Saudi Aramco Review

Shale ... Aramco prospecting for the new resource

Shale ... Aramco prospecting for the new resource

First shale gas may be pumped by 2020

Although Aramco has conceptual estimates of its shale gas reserves it will not start working on it until an assessment of its unconventional gas resources is complete

SAUDI ARAMCO is seeking to begin producing natural gas from shale rock in the country before the end of the decade as domestic power demand climbs.

“If we can get it by 2020, that will be good,” general manager of Exploration Ibraheem Assaadan says. “We are in the reconnaissance phase, shooting regional seismic programmes and drilling all over the country.”

Saudi Arabia is exploring for gas to meet rising electricity demand. The kingdom currently uses oil to fuel many of its power plants, reducing the amount of crude available for export. Saudi Aramco is searching for so-called unconventional gas, including shale and tight fuel, in the nation’s northwest, president and CEO Khalid Al Falih says.

At least three to five rigs are being used to evaluate the resources, Assaadan says. Saudi Aramco, the world’s largest crude exporter, had about 100 rigs in operation last year and will employ a similar number in 2012, he says, adding that low gas prices remain a “major issue” in developing the prospects.

Saudi Arabia sells gas locally at a subsidised price of 75 cents a million British thermal unit, a third of international market rates. The country needs to examine the way it regulates tariffs to make unconventional gas extraction attractive, Assaadan says.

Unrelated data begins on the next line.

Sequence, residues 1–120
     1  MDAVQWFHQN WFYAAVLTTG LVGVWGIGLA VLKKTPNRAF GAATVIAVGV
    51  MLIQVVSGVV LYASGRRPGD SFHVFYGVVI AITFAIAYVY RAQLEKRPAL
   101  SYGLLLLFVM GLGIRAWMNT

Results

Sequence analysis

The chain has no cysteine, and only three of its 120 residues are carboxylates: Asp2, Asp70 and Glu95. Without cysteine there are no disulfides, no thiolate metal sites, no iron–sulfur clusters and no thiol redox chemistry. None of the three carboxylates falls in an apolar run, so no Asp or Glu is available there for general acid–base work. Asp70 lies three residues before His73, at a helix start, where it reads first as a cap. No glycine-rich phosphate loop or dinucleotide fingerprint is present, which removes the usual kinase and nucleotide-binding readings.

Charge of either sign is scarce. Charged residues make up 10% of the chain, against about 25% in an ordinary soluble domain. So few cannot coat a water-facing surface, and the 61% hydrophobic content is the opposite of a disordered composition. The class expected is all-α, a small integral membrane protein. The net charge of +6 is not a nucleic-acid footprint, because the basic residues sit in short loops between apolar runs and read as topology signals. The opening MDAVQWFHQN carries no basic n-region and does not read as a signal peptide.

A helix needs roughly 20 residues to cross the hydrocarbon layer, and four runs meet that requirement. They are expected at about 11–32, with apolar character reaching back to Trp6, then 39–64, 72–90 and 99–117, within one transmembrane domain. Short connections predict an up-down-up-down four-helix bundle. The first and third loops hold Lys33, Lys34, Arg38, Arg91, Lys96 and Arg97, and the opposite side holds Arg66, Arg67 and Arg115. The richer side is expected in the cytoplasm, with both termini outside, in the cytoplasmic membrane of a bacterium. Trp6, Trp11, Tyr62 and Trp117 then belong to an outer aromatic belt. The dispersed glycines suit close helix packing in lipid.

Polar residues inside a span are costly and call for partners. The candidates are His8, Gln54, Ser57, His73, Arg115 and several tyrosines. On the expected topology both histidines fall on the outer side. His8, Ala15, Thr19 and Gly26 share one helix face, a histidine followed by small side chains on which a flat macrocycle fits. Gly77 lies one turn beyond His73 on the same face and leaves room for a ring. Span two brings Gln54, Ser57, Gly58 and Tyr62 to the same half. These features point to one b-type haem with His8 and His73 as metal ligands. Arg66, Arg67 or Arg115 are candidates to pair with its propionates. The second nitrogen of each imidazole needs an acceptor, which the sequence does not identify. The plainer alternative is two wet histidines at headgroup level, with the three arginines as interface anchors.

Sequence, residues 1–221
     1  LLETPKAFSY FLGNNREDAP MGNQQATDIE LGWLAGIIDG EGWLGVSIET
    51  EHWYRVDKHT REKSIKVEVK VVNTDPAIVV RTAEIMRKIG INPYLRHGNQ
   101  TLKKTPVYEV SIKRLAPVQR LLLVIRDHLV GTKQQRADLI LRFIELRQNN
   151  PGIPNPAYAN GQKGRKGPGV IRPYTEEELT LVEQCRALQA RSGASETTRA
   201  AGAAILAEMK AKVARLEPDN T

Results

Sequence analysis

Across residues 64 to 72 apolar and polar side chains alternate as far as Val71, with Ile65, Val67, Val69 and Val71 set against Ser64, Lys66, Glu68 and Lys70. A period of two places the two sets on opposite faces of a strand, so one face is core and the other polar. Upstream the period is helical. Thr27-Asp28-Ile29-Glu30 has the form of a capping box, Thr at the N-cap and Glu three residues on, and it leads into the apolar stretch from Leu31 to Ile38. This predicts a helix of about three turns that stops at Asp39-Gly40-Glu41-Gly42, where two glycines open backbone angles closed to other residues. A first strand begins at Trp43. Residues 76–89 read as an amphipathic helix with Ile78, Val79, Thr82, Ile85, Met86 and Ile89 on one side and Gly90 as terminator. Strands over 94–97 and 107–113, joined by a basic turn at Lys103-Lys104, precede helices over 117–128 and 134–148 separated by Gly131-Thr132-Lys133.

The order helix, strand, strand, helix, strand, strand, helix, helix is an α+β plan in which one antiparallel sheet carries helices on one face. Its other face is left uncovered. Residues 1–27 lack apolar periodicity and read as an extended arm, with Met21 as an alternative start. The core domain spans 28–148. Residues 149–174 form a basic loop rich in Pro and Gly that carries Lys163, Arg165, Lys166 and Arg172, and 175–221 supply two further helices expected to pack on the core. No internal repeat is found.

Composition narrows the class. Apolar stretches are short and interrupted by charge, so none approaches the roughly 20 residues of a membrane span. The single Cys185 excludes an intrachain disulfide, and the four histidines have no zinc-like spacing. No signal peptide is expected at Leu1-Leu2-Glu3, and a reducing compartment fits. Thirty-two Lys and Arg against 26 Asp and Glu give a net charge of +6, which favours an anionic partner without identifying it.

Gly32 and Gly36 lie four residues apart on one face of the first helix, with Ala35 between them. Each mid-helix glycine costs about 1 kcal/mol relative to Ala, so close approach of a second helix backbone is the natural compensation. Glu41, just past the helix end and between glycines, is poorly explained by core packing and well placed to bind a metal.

Saudi Aramco has conceptual estimates of its tight and shale gas reserves but has not yet booked recoverable reserves until it completes an assessment of its unconventional gas resources, Al Falih says.

“We have numbers that geologists present to us, but they are still conceptual estimates. We really do not have booked recoverable reserves in terms of unconventional resources, because until you can know with certainty the resource base and drill enough wells to know the reservoir characteristics, and whether it is homogeneous or heterogeneous, and more importantly until you prove that it can be produced commercially, you cannot book them,” Al Falih says.

“So what we have now are conceptual resource estimates. We know the resource base is there, but how much it is and when will we be able to put it down as a commercially recoverable reserves, we have some more work to do. I have mentioned before that our resource base is in the hundreds of tcfs. Hundreds can become smaller if you go with P90, the 90 per cent probability. On the other hand, it will be much larger if you used P10 figures, and something in the range of 200 to 300 tcf range if you are looking at the mean estimate,” he adds.

“But at this stage, I would just caution it is still estimates of resources, conceptual in nature, and it will take a couple of years of intensive exploration and perhaps piloted production of this type of resources before we tell with certainty how much reserves we have and when we will be able to bring it to market,” Al Falih says.

Asked whether Aramco planned to carry out the work on its own or whether it might bring a foreign partner, Al Falih replies: “We are the largest company in upstream. We have financial, technical and project management capability to undertake projects of any type in the upstream. Certainly within the geology of Saudi Arabia, we are more knowledgeable than anybody else. So as of now, we are not going to bring anybody. Of course, ultimately there are sovereign decisions which the government can take, but this has not been even considered. Saudi Aramco is in the process of undertaking this exploration work on our own.”

Saudi Arabia has the world’s fourth largest reserves of natural gas.




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